Cyberspies send ZOMBIES to steal DRUGS from medical research firms
They're flinging RATs at us too, say US spooks
Cyber-espionage crews have been targeting the lucrative medical and life science industries using custom malware and spear-phishing, according to new research.
According to a current US counterintelligence report which it delivered to US Congress, healthcare services and medical equipment are expected to be two of the five fastest-growing international investment sectors, with the US among the leading nations worldwide. Multi-billion dollar lifesaving research is being put at risk as cyberspies attempt to crack life science firms' security.
The counterintelligence gov bods said the massive research and development costs for new drugs and techniques as well as the growing need for medical care by ageing populations in China, Russia, and elsewhere were creating a fertile breeding ground for industrial espionage.
Security intelligence firm Cyber Squared said that at least three distinct groups have targeted the industry for more than two years since 2010. It has posted a blog post exposing some of the techniques and tradecraft of cyberspies targeting the life science sector. A single drug can cost up to $1bn to develop, the security bods note.
In the first attack discussed by Cyber Squared, a China-based group used a zero-day Internet Explorer (IE) zero day exploit in October 2012 to get at the life sciences firms assets. Three malicious websites hosting these exploits were established and subsequently used within targeted spear-phishing campaigns or within targeted drive-by download attacks, said the researchers.
"The staged domain names resembled the domains of the legitimate companies GenOptix, BioDuro and Accenture, all of whom provide advanced medical, drug, and life sciences research," a blog post by Cyber Squared explains.
When RATs, Trojans and zombies attack
Cyber Squared was able to confirm that the attackers mirrored the legitimate BioDuro website with a drive-by attack site that used a malicious iFrame redirecting users to the IE zero day exploit. BioDuro is Beijing-based life science research firm. Compromised machines were subsequently infected with a variant of Destroy Remote Access Trojan (RAT), which is also known as Thoper-B or Sogu.
The firm also cited a second attack by a cyberspying menace, first reported on by security tools firm AlienVault in July 2012. It used a variant of the Sykipot malware to create an extensive botnet. The zombie network featured more than 30 additional command-and-control domains and three email addressees, analysts from Cyber Squared discovered. After analysing the infrastructure used by the perpetrators of Sykipot, Cyber Squared concluded that the botmasters behind the network were targeting the medical industry.
One of the 30 domains registered by the Sykipot bad guys is “nihnrhealth[.]com”, which could be easily mistaken by a Sykipot victim as a legitimate domain associated with the National Health Information Network.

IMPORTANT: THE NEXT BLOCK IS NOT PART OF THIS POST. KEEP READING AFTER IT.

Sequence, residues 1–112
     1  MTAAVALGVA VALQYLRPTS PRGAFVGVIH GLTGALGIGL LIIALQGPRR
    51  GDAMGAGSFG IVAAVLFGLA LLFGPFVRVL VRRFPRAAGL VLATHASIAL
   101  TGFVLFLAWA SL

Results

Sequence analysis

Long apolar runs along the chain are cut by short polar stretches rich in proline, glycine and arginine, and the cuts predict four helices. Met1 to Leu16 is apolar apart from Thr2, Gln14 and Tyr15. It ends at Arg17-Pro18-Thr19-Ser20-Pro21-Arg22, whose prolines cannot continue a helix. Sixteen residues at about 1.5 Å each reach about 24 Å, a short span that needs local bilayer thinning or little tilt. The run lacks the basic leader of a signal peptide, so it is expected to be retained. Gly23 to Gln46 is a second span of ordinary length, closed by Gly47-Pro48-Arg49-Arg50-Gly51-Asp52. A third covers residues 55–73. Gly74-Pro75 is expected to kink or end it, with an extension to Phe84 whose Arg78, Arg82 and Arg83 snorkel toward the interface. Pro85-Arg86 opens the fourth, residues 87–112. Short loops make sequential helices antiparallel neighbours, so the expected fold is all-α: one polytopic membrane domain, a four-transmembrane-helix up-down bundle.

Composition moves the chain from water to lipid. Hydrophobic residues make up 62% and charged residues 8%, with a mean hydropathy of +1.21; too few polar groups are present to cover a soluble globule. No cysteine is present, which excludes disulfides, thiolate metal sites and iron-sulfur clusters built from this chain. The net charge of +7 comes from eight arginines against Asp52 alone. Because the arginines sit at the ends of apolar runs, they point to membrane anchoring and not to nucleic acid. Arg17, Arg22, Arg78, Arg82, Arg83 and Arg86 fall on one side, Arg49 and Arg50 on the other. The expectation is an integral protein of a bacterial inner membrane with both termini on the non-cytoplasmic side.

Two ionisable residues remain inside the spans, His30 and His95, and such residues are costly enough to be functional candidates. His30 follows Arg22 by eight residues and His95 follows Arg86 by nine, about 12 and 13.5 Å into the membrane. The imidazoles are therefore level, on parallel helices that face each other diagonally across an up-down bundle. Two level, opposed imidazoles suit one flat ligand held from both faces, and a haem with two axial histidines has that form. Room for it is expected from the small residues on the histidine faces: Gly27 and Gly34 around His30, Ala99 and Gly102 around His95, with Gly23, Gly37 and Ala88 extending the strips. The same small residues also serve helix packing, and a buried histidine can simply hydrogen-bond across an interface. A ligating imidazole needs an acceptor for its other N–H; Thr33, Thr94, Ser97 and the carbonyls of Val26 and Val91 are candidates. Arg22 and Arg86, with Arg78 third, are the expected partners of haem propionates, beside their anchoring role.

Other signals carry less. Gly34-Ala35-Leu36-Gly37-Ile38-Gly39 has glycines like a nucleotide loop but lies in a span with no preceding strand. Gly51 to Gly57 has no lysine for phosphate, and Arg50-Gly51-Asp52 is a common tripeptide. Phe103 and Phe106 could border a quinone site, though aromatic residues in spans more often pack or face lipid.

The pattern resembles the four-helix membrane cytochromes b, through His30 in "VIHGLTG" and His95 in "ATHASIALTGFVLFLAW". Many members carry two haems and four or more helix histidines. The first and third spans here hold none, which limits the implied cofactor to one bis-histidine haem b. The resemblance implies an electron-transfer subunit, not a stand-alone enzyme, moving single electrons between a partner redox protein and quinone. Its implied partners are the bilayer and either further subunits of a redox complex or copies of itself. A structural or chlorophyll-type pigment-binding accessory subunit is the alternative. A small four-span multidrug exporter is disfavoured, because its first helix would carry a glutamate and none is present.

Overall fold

Another Sykipot command-and-control domain (server.hostdefense[.]net) resolved to the IP address of a host registered by the Asian Pacific AIDS Intervention Team (APAIT), a southern California-based charitable organisation, said the researchers.
A third attack last summer featured a Chinese hacking group (also known as “VOHO”) using a drive-by download campaign. The attack was targeted against victims within business and local governments in Washington, DC and Boston, Massachusetts, as well as organisations involved the development and promotion of the democratic process in non-permissive regions.
The attackers used the Gh0st RAT to control compromised machines. According to a report by RSA, the attackers compromised a legitimate Taiwanese medical website "www.wsdhealty[.]com" to host malicious software that exploited Java and Microsoft vulnerabilities.
Cyber Squared was able to identify that the attackers also abused the domain "nih-gov.darktech[.]org” run by the National Institute of Health (NIH) as part of the command-and-control infrastructure of the cyber-espionage operation.
"The threats posed by resourced and sophisticated threat groups targeting the medical and life sciences industry is very real," Rich Barger, chief intelligence officer at Cyber Squared, and a former US Army intelligence analyst. "The application of economic espionage within these industries ultimately leaves multi-billion dollar lifesaving research and medical breakthroughs in the crosshairs."
Organisations within the sector need to wake up to the threat and take steps to guard against intellectual property loss and disruptions to business operations, Barger warned.
The Obama administration's strategy for combating the theft of US trade secrets, unveiled last month, listed industrial espionage as one of sectors likely to experience fast growth, and cited healthcare, pharmaceuticals and clean energy as prime targets for the web spies.
However, more attention has arguably been paid to attempts to steal the blueprints of information and communications technology; military technologies (particularly marine systems and drones - unmanned aerial vehicles); other aerospace technologies; and information about natural resources (including oil and gas). Cyber Squared's report is therefore noteworthy in highlighting an under-reported risk.
All of the Advanced Persistent Threat examples put together by Cyber Squared were compiled and shared under the “Medical Threats Blog” within the ThreatConnect community. ThreatConnect.com is a collaborative cyber intelligence exchange whose members include government agencies, banks, non-profits, and manufacturers as well as medical research and life sciences organisations. The exchange - run by Cyber Squared and akin to a neighbourhood watch scheme - collects, analyses and shares threat intelligence. ®